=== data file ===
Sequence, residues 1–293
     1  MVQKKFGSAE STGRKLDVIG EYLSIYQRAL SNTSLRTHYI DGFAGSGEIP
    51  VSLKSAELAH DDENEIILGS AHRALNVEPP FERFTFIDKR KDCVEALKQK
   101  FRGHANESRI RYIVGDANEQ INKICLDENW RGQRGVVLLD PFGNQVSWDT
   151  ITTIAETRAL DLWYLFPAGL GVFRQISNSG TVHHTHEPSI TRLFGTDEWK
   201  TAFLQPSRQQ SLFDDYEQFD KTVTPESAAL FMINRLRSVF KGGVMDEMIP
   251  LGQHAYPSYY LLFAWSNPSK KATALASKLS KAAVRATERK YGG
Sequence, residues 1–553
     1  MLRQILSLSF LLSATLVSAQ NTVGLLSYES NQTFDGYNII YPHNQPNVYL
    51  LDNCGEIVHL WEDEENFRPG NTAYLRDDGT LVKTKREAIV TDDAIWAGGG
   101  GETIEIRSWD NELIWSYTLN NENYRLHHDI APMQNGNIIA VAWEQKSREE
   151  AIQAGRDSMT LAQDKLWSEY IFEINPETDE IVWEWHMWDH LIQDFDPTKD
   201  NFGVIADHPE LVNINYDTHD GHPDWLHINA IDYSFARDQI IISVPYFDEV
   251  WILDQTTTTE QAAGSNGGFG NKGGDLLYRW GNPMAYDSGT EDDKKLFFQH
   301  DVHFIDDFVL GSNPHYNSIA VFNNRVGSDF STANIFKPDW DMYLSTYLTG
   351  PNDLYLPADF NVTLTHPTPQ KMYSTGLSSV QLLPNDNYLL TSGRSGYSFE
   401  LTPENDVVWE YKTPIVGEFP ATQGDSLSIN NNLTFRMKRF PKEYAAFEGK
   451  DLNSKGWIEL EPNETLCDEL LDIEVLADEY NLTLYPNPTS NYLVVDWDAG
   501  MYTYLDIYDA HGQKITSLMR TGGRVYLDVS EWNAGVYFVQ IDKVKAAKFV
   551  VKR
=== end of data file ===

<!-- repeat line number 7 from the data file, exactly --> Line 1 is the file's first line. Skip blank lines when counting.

   251  LGQHAYPSYY LLFAWSNPSK KATALASKLS KAAVRATERK YGG